Ethical behavior tends to be good for business and involves demonstrating respect for key moral principles that include honesty, fairness, equality, dignity, diversity and individual rights.

As you are discussing your decision and your action and in general our society has an expectation that people will honor the terms of the contracts that they enter into, then in order to act ethically you would likely need to either

  1. Destroy all of the copies of the business cases that you obtained under the license and not use them.
  2. Request an extension as user6726 suggests
  3. Purchase a new license to the material
  4. Borrow a copy of the material from a library that has license to lend the material to you.

If you entered into and agreed to a contract, whether implicitly as was the case here, or explicitly, then violating the terms of the contract without agreeing to a change of terms with your contract partner or receiving a legal judgement that the terms of the contract are illegal and therefore you are not obligated to follow them would be an unethical choice.

To further add to this would be the idea of fairness, as you mention with regard to the fact that the students that took the class were required to pay for the readings where as you received the material to use in the context of teaching them. The license was either paid for by the school, which means indirectly by the students or from a grant obtained by the instructor for the course, or was a comp from the publisher for the instructor selecting the material for the course in the first place. So while you could argue that your use is not really harming the copyright holder, the fairness argument to those who had to pay for the license, namely the students, calls into question the ethics of using them and strengths the case for not using the material.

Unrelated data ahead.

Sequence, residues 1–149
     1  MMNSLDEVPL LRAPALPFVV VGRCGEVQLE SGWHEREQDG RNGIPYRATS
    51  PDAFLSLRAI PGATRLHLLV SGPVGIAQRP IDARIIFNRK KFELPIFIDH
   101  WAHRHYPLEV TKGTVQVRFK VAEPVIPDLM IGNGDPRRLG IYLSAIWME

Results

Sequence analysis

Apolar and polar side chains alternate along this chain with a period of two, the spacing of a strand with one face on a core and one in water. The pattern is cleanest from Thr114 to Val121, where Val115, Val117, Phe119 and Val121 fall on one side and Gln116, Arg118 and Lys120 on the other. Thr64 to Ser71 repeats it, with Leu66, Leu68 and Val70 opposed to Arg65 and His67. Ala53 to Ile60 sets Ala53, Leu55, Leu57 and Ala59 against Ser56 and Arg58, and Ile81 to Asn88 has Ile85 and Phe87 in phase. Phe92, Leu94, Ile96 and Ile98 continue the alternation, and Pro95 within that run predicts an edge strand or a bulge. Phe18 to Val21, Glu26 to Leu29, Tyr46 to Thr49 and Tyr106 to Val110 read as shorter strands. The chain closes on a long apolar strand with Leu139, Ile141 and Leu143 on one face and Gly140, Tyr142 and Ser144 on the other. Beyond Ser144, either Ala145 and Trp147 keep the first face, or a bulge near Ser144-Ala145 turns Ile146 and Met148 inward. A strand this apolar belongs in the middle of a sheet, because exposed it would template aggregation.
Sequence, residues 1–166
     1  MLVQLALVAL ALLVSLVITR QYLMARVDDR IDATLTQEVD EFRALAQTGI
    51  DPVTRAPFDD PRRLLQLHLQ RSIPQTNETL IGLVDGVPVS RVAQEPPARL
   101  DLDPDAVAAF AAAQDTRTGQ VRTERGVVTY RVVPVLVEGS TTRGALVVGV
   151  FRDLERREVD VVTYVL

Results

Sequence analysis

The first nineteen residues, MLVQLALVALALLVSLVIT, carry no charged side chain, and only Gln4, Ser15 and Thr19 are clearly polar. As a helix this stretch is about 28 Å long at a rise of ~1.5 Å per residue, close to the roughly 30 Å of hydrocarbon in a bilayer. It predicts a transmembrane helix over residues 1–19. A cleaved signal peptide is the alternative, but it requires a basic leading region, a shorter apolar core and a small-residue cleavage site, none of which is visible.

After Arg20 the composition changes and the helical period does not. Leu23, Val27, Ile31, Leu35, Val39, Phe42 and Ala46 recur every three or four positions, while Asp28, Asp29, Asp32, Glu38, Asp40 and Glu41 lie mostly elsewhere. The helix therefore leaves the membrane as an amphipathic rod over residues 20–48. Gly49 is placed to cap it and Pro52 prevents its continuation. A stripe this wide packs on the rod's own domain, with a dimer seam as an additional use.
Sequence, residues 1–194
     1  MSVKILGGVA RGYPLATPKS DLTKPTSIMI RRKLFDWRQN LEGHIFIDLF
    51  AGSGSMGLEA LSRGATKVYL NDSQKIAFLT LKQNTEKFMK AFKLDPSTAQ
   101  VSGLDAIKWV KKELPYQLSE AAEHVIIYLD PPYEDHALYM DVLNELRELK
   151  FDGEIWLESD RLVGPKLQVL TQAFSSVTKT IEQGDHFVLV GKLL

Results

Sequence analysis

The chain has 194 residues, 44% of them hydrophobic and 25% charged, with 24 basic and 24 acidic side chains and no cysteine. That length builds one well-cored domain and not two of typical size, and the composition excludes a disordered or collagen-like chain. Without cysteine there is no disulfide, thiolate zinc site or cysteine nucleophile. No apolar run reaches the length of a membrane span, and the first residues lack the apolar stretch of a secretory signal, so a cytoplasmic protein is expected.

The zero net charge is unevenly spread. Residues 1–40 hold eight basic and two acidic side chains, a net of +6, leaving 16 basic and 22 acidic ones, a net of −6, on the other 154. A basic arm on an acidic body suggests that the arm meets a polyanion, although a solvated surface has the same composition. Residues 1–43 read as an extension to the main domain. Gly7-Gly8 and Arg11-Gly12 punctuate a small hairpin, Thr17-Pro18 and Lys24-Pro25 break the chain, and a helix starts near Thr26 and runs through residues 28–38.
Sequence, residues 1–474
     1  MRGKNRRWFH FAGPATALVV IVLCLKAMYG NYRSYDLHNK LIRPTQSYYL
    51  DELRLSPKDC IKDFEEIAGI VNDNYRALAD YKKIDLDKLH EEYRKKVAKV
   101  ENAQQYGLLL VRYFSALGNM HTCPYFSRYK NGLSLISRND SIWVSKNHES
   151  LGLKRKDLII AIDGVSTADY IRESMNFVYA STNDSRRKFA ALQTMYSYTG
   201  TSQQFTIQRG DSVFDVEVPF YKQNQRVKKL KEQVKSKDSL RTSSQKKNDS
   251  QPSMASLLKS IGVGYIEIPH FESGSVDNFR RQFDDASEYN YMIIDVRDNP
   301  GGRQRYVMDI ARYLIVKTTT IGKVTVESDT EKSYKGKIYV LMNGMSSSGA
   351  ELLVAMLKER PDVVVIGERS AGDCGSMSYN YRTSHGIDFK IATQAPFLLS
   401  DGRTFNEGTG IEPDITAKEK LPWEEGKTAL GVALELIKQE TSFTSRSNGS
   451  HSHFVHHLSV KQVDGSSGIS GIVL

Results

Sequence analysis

That being said, I find the ethics of the publishers that chose these types of limited licenses highly questionable. When I have seen these types of licenses, they are generally for texts that get updated with great frequency, and the updates to most every chapter are at most a few sentences or a figure or two. It is part of a broader business model to make used textbooks less valuable and to force students to purchase the version of the text that the instructor is using. This is more the case where an instructor assigns homework problems and the problems are renumbered or parts of the problem are changed so that either the instructor needs to manage responses from multiple editions or they need to insist that everyone buy the new version. Another way to devalue used editions is to sell and get instructors to use online material which is licensed only to a single user and expires with the end of the course.

The problem is that two wrongs do not make a right. So just because the publishers are behaving questionably does not mean that it gives license to act unethically in response. Can you do it and live with yourself? Sure. But that is entirely your choice. And as you said, only you can answer that question for yourself. Strictly, in a legal framework you are breaking the terms of your contract and their copyright. And as a few of the commenters above stated, if you were to then use that material for new work produced, you could likely find yourself in trouble not only with the copyright holder, but also your institution if you published based on material you did not expressly have license to access.